The future is an essentially relative concept. When does it start? “Now,” as a famous saying goes, “tomorrow” as political campaigns would suggest, or “decades from now”? In fact, multiple possible futures exist alongside, but not independently Social action requires synchronizing different knowledge about possible futures — a task which hinges upon the politics of norms. After all, if we conceptualize the Sustainable Development Goals and the Paris Agreement as ‘non-norms’, then how can they compel action? Actors will need to invoke normative obligations and connect them to possible futures. They can so by translating these norms from written words and conference halls to stories and images that touch the “everyday” world and life of people.
We cannot guarantee an indefinitely open future. Norms will always be contingent on knowledge about “the normal.” We can and must imagine a future, because one will come regardless. If we concede future-making to others, the future we want (and need0 may be less likely.
The future of norms? Green Deals and the Paris Agreement
But how do our imaginations of a future translate into norms, as we tend to understand them in the study of IR, practically? Concluding this contribution, I want to focus on two current developments worth a closer look at: the E.U. and U.S. Green Deals and the Paris Agreement.
Within the European Union, as in the United States, politicians have re-invented the ideas of “deals” to render a sustainable future possible against the backdrop of climate deniers and unilateral industrial policies. The Green Deals make a promise to citizens and collective actors on how the way to the future can look like. Making a deal, in that understanding, involves an offer and a return. In conjunction with civil society actors, political actors envision a future horizontally and vertically. They reconfigure and synchronize discourses, political levels and timeframes – they cast back from and explain what exactly being “green” could look like and what role people could play in a future they aspire. Actors can decide if they are willing to buy into that vision and if they want to contribute to making that future more certain.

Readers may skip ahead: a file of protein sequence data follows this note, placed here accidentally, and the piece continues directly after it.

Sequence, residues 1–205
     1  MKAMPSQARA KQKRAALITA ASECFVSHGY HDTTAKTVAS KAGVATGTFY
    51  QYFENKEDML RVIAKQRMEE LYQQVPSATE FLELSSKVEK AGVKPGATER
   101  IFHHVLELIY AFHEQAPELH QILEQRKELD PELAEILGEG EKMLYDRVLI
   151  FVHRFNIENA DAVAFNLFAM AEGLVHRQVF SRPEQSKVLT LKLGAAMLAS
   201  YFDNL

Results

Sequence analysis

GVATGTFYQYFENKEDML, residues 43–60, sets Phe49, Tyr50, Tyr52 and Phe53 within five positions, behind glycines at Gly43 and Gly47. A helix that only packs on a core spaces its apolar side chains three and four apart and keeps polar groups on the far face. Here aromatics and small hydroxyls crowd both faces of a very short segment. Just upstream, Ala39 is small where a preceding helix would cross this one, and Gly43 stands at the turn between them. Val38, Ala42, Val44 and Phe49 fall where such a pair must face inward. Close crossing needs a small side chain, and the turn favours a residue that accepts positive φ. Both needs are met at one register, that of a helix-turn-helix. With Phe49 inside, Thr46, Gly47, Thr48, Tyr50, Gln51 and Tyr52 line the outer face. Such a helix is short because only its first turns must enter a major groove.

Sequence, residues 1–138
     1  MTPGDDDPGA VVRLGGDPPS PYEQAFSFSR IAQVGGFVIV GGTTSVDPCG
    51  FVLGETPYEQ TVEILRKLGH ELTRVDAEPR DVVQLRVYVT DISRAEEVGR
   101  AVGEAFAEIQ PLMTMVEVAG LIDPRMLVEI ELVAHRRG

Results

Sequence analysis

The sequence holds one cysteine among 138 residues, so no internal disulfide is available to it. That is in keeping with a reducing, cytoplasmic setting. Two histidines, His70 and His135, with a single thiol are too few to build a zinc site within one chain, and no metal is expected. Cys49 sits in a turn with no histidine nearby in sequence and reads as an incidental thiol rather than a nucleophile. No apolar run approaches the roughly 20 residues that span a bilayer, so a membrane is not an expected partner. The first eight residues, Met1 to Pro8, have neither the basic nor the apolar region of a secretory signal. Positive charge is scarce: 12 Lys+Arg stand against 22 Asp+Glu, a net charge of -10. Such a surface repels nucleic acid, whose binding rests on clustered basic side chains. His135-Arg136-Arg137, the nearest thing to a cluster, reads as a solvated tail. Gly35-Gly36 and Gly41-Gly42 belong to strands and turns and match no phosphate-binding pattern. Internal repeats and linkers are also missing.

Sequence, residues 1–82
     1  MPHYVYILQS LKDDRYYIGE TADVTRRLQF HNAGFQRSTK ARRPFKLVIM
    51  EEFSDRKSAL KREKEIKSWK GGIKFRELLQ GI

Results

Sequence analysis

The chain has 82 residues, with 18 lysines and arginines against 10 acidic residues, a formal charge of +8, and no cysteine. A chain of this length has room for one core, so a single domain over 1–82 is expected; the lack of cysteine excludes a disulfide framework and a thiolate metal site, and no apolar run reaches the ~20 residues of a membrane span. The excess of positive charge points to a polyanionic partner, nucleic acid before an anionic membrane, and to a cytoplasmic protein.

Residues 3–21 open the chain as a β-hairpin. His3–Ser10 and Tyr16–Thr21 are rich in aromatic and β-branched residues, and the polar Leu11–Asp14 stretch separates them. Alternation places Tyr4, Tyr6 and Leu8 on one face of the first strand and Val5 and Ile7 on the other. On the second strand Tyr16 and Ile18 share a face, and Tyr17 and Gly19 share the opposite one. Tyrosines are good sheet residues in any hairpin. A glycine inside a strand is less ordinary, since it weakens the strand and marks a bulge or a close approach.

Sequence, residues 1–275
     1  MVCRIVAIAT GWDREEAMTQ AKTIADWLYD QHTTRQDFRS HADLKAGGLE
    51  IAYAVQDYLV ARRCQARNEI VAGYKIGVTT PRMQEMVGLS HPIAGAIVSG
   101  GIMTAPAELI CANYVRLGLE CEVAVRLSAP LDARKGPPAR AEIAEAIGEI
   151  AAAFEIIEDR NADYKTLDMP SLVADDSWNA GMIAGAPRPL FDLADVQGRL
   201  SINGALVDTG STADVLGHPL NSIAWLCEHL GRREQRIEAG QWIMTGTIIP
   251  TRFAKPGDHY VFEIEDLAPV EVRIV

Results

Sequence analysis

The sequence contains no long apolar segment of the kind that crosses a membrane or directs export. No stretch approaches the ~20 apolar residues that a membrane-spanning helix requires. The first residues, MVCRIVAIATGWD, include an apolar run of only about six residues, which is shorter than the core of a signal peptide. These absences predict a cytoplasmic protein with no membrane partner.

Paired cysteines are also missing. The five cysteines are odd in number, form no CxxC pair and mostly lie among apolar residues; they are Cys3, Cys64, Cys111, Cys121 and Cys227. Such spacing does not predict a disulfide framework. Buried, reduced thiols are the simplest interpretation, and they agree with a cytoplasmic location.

Of course, that future may not materialize even if we follow the relevant norms. Will the Green Deals succeed in this norm translation and provide a real alternative imagination of the future? This remains open. But other than fragmented policy initiatives relating to global norms, they promise to offer a more comprehensive architecture for a future sketched on one paper rather than on several dispersed jigsaw pieces.
In April 2021, the Federal Constitutional Court of Germany decided in a landmark judgement that the Federal Government’s climate law of 2019 was unconstitutional since it did not consider the rights of future generations and, thus, violated the Paris Agreement. Just weeks later, the district court of The Hague, Netherlands, ruled similarly against the transnational oil company Shell.
While quite different as matters of law, both decisions reaffirm the Paris Accord as a norm, an object that governance actors, states, and companies ought to respond to. Individual lawsuits, not “blaming and shaming” or socialization, did this. Citizens and civil society organizations went out and painted the picture of their future and what it would look like if norms didn’t matter. They fundamentally contested the substantial and procedural plausibility imaginaries, states and companies are telling, and demand inclusion in the practice of future-making.
In this light, the slogan “I have seen the future” becomes a shared promise.
I thank the organizers of this symposium and all participants or the world café session “Whither norms research in times of uncertainty?” at the German Political Science Association’s Academic Convention 2021 for the lively debates. I am particularly indebted to Rasmus Bellmer, Sassan Gholiagha, and Johanna Speyer whose comments have helped to shape these reflections.